The brief for this column was to avoid discussing upsets, because you'll read and probably have read plenty about those, but this one was an upset stuffed full of goals, so it makes the cut. Woking were in the Isthmian Premier League in 1991, the division below the Conference (ask your dads, kids -- what you know as the Skrill Premier League), and travelled to play West Brom, at that point in the old Second Division. Gibraltar striker Tim Buzaglo scored a hat trick for Woking after the Baggies took an early lead, putting them into the fourth round and West Brom manager Brian Talbot out of a job. Indeed, West Brom's season would go into something of a tailspin after this game, falling from relatively secure mid-table to relegation at the end of the season, winning only four of their remaining 22 games.
4) Third round -- 1966
Not a single game, but a whole round of kerrrrr-aaa-zzeeee scorlines, no doubt scored amid a frisson of excitement about England's impending World Cup win. Among the big scorers were Burnley beating Bournemouth 7-0, a 5-2 triumph for Manchester United at Derby, Crewe beating Folkestone 5-1, and 6-0 successes for Leeds and Plymouth against Bury and Corby respectively. Eventual winners Everton had to settle for a relatively prosaic 3-0 win against Sunderland.
3) Liverpool 8-0 Swansea -- 1990
Third Division Swansea must have been pretty pleased with themselves when they earned a 0-0 draw with all-conquering Liverpool -- Ian Rush, John Barnes, Peter Beardsley and all -- in the 1990 third round. If that was possible, who knows what they might achieve in the replay three days later? Well, as it turns out, they achieved little more than being a punching bag, as Liverpool rattled in eight unanswered goals, with Barnes bagging two, Rush a hat trick and ESPN's own Steve Nicol rounding things off rather nicely with a delightful chip.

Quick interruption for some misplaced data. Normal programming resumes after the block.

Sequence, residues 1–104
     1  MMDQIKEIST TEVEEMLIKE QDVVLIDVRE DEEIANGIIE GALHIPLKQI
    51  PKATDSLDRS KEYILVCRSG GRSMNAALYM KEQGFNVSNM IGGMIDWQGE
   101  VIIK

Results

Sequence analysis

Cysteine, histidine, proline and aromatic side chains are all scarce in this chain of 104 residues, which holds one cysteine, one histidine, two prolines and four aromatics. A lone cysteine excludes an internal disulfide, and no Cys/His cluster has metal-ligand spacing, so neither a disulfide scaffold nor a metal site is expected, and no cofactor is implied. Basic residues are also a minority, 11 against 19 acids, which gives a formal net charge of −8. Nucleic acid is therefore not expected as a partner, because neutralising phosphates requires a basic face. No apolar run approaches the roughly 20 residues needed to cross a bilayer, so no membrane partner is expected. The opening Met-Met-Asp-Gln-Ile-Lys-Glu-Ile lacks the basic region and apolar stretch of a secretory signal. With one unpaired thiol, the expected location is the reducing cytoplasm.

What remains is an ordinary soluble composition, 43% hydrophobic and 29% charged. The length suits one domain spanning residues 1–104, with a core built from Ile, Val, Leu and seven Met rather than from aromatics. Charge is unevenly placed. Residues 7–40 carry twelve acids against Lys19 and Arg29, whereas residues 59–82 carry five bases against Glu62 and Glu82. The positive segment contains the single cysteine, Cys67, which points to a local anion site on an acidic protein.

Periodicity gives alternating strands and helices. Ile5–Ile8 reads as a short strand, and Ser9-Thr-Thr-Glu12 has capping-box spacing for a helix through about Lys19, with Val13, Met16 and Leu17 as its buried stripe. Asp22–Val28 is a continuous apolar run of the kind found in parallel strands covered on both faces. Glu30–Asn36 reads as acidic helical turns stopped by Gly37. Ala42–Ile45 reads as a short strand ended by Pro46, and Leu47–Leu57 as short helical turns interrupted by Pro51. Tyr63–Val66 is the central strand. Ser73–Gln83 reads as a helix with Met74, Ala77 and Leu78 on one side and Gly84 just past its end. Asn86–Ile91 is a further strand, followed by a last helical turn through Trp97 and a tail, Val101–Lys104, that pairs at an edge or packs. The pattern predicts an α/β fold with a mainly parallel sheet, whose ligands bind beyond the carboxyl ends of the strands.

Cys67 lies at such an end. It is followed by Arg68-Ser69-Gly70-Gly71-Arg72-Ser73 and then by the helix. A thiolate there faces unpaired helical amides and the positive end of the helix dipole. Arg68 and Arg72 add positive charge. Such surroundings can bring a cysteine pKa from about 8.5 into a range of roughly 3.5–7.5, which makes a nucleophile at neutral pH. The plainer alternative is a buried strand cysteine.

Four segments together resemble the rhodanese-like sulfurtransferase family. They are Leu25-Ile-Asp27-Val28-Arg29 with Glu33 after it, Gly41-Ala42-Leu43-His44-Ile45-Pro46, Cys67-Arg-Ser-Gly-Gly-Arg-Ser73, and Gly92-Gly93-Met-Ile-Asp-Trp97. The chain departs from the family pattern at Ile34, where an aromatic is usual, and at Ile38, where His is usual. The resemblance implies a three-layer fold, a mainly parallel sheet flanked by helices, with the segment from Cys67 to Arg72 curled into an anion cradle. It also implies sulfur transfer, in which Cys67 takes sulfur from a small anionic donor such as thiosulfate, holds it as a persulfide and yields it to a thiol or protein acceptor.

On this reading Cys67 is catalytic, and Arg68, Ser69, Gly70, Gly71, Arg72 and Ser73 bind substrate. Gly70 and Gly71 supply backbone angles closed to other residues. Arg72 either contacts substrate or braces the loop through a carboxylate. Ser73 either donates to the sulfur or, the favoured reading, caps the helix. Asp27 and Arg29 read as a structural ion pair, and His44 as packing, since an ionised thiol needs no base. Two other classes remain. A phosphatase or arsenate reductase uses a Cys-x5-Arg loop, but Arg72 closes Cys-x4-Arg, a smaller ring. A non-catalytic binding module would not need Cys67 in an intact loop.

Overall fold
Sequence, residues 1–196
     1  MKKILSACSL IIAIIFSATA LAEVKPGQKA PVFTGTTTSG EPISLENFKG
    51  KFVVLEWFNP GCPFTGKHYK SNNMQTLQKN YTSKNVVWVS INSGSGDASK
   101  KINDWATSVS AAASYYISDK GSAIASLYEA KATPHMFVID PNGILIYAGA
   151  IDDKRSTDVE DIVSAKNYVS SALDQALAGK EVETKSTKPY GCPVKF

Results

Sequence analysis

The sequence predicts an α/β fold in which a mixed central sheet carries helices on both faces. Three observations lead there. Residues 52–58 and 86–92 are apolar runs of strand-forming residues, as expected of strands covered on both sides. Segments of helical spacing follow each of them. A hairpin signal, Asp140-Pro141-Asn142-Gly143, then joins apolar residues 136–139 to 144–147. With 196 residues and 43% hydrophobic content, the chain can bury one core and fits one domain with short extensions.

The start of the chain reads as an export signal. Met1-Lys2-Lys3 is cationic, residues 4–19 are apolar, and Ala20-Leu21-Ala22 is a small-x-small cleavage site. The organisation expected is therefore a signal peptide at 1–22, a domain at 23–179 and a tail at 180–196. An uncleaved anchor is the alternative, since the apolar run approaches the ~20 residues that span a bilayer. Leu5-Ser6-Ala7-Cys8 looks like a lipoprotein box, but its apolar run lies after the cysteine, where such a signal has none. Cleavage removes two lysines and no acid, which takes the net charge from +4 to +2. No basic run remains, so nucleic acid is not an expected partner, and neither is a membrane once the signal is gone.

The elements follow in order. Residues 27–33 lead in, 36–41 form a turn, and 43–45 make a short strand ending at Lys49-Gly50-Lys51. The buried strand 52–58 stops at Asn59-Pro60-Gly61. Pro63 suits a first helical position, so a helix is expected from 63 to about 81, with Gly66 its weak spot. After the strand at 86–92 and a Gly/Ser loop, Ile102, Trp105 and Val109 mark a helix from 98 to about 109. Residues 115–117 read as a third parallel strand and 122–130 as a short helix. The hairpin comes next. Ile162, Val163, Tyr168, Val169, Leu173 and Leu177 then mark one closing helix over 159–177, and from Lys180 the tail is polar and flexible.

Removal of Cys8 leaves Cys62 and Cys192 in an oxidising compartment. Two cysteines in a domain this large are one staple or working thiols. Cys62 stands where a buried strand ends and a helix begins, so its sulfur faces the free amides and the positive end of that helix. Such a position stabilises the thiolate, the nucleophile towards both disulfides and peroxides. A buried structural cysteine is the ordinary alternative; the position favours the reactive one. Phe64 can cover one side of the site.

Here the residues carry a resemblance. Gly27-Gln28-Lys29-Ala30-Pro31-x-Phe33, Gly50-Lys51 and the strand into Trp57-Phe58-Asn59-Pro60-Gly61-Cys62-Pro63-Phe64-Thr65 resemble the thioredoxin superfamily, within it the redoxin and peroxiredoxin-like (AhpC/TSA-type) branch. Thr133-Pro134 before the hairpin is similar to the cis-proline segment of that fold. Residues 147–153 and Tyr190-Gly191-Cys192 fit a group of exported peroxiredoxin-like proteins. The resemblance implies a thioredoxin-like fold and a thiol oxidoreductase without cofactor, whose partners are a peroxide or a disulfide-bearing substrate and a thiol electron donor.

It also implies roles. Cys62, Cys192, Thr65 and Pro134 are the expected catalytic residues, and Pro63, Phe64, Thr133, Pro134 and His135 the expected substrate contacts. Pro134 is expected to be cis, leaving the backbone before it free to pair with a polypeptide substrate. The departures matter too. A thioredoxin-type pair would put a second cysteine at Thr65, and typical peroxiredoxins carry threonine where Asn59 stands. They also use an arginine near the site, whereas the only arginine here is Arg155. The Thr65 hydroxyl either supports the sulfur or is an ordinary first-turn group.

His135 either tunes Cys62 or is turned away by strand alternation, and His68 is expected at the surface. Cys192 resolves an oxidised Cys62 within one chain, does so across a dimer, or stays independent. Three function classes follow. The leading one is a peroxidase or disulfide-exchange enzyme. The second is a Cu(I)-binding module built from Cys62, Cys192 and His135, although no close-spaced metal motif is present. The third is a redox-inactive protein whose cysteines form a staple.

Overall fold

2) Wolves 8-0 Stoke -- 1890
This is cheating slightly, because in the early days of the FA Cup there weren't nearly so many rounds, so what was technically the third round in 1890 was in fact the quarterfinal. Still, on that technicality, this game remains the biggest-winning margin in a third round first game (as opposed to a replay), although it didn't do Wolves a huge amount of good because they lost to eventual winners Blackburn in the semifinal. While this wasn't a replay, this was actually the second stab at the tie, after Wolves won the first attempt 4-0 only for Stoke to successfully protest about the state of the pitch and have the match replayed. They probably shouldn't have bothered.
1) Luton 3-5 Liverpool -- 2006
On the face of it, the reigning European champions sticking a few past a Championship side wouldn't be particularly interesting, but this game was notable for a couple of reasons. Firstly, there is the fact that Luton were actually 3-1 to the good after 53 minutes, giving Rafa Benitez's side a frightful scare. And secondly, there was Xabi Alonso's goal, from fully 70 yards to make it 5-3 in injury time, taking advantage of Luton pressing for an equaliser and the Hatters' keeper Marlon Beresford rather curiously loafing around on the halfway line as they took a corner, rather than actually throwing himself into the box. Alonso's goal won a Merseyside punter some 250,000 pounds, after he bet 200 pounds on the Spaniard to score from his own half at some point during the 2005-06 season. "When he placed the bet we thought it was the easiest 200 pounds we had ever made," said bookies Paddy Power, which should be your dose of schadenfreude for the day.